The Apostle Paul carries on with his practical discourse on how the believers in Ephesus should live and walk in Christ. His letter to the church of Ephesus was not simply to be read but put into practice. In other words, one of the reasons the Bible was written so that we could learn to obey God and not simply to study God. Paul laid a wonderful foundation of study in Eph 1 – 3, but he is now interested in putting our faith into action. How does he do this? He uses the word to walk or live to emphasize we are not to practically put our faith into action. Eight times in Eph 4 – 6, Paul uses “therefore” (NKJV – Eph 4:1, 17, 25; 5:1, 7, 14, 17, 25) to remind them what Christ has done for them. Therefore… the believers ought to live in ways that honour God. James tells us we are to be doers of the word not merely those who hear the word (James 1:22).
Live not as Gentiles
There are times in our Christian walk where we must NOT do certain things, the Holy Bible and the Holy Spirit affirm this to us. Paul’s second therefore starts with a negative attached to it, “So I tell you this, and insist on it in the Lord, that you must no longer live as the Gentiles do, in the futility of their thinking” (Eph 4:17). Christ had set the believers in Ephesus free from their past ways of sinful living (Eph 2:1-3). Now Paul insists, implores and testifies to them there is a wrong way of living and a right way of living. One of Paul’s emphasis here is thinking or understanding. Christians are to live and think differently than unsaved people. Their minds are to be controlled and directed by God and not to be futile or aimless. Futile thinking carries with it darkened understanding, separation from God, ignorance, loss of shame and sensitivity, extreme immorality, and reckless sexual sins. The pagan temples of worship were hot beds for this kind of empty thinking and immoral lifestyle. Paul exhorts the church of Ephesus to no longer engage in the negative existence of the Gentile world.
Put off – Put on…
Salvation begins grace and faith IN CHRIST, and moves forward with repentance, which is a change of mind and heart. The whole outlook of a person changes when he trusts in Christ, including his values, goals, and understanding of life. This is what Paul addresses next. He reminds the church – “You, however, did not come to know Christ that way. (speaking of Gentile thinking) 21 Surely you heard of him and were taught in him in accordance with the truth that is in Jesus” (Eph 4:20-21). Disciples or learners of Jesus are taught truth, both Biblical and historical, which affects their thinking. In other words, we take on the mind of Christ and become like Jesus in our thoughts, emotions, and our actions.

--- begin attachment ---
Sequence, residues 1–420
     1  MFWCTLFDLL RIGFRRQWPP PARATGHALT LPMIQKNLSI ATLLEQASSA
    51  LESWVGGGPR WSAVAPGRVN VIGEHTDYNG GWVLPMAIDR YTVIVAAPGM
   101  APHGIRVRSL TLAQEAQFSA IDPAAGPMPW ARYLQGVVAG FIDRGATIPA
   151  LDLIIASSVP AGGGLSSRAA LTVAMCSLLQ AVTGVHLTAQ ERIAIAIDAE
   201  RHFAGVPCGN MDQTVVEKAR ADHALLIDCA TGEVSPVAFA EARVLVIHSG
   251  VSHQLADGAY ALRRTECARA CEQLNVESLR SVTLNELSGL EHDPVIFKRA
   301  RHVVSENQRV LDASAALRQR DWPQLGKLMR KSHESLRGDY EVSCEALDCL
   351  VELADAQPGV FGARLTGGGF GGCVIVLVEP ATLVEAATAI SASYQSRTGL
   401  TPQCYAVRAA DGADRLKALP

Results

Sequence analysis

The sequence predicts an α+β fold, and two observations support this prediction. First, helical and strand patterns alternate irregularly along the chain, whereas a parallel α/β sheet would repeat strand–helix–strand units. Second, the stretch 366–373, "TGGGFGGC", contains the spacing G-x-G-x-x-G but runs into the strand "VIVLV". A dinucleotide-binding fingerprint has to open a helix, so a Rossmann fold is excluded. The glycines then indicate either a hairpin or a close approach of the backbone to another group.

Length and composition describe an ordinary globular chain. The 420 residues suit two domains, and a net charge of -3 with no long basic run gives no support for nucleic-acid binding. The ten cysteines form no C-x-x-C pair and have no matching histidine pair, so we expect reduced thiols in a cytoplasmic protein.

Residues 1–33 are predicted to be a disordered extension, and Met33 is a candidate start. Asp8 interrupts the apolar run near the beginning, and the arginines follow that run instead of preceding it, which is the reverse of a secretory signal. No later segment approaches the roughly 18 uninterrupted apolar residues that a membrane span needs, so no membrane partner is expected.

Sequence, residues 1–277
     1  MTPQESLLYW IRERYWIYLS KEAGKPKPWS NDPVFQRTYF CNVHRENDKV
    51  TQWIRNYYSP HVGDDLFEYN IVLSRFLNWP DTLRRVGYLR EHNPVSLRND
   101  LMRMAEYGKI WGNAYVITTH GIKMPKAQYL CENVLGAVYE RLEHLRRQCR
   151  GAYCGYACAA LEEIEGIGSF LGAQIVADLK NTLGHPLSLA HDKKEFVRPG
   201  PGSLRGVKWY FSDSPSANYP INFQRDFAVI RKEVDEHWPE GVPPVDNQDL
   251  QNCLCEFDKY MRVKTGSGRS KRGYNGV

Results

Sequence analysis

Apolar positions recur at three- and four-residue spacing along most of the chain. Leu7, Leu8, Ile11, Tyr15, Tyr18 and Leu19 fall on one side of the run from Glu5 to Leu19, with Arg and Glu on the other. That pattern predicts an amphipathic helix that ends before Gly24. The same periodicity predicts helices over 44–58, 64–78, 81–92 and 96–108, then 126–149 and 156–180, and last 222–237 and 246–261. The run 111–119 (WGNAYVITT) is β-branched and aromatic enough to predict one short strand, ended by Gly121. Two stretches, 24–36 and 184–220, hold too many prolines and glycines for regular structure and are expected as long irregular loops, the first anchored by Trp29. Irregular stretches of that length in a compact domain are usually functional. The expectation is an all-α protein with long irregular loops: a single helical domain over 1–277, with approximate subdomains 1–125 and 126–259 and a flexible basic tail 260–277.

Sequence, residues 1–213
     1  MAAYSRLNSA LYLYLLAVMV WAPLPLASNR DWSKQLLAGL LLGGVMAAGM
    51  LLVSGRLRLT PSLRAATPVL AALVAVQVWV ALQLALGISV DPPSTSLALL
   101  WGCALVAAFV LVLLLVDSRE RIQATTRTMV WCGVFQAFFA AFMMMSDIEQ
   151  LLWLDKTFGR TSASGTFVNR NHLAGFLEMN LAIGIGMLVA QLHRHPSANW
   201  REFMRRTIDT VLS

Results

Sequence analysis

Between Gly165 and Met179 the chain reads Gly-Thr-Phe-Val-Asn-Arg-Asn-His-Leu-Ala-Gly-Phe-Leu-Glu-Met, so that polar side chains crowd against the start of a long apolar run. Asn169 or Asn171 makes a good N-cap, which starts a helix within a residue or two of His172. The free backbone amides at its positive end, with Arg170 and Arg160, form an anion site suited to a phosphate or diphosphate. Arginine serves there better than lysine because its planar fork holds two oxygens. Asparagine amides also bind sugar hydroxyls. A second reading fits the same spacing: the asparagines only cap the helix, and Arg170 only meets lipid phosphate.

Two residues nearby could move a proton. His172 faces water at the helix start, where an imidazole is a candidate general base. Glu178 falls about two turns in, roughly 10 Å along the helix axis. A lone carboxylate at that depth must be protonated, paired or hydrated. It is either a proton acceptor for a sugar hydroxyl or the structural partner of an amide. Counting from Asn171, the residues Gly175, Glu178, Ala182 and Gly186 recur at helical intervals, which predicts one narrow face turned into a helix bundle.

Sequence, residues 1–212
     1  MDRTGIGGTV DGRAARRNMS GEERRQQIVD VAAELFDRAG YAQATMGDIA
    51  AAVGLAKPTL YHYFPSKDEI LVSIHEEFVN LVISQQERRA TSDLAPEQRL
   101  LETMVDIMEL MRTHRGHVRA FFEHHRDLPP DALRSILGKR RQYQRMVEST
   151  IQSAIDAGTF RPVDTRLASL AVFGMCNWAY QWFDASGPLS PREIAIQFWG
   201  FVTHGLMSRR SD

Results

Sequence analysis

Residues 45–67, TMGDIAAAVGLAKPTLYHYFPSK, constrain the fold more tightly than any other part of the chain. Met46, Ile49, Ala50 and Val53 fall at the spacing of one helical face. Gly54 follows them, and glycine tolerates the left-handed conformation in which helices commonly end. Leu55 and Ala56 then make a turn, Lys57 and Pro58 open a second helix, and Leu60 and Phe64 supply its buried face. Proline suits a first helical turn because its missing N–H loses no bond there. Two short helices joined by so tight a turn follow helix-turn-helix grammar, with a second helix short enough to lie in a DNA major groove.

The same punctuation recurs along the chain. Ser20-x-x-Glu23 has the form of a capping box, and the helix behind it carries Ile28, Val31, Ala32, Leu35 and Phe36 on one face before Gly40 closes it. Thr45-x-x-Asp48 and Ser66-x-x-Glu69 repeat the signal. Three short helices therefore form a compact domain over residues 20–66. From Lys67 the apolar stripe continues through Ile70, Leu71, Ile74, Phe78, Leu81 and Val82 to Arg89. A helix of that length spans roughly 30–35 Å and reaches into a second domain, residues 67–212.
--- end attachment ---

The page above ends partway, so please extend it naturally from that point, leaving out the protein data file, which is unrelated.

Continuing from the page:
Paul uses put-off and put-on to instruct the people with regards to repentance and renewal. This reminds me of the death and resurrection of Lazarus in John 11; the grave clothes would have to be removed and new clothes given to Lazarus.
“To put off your old self, which is being corrupted by its deceitful desires” is a picture of grave clothes being set aside. This putting off is our responsibility as believers, this is the work of repentance, intentionally setting aside our old way of thinking and living. We must put off the corruption of our former life which is dead and decaying… We are to be made new in the attitude of your minds; this is renewal, to be reestablished like-new in an improved way. The word for attitude is “pneuma” or spirit in the Greek language. It is the Spirit of God that transforms how we think in relation to the Word of God that is active in our life. “Those who live in accordance with the Spirit have their minds set on what the Spirit desires. 6 The mind of sinful man is death, but the mind controlled by the Spirit is life and peace” (Rom 12:5-6). As the Spirit takes control of our minds, because we are willing, we put on the new self, created to be like God in true righteousness and holiness.
This put-off and put-on has been described this way. We put off our grave clothes and put on our grace clothes. Putting off and putting on is a description of Jesus’ death, burial and resurrection as seen in Rom 5 – 8. As Christians we have not only changed our minds but have new citizenship in heaven.
Therefore, put off…
This brings us to Paul’s third therefore. In this passage of Scripture Paul brings the believers to an application. He is not like some preachers who speak of God’s grace while missing the practical responsibility of the people. He desires us to fully understand our salvation IN CHRIST as well as how to live it out. To experience our freedom in Christ only in spirit and not in practice is heresy.
Paul begins with another put off message, but it is directed towards five areas of sin.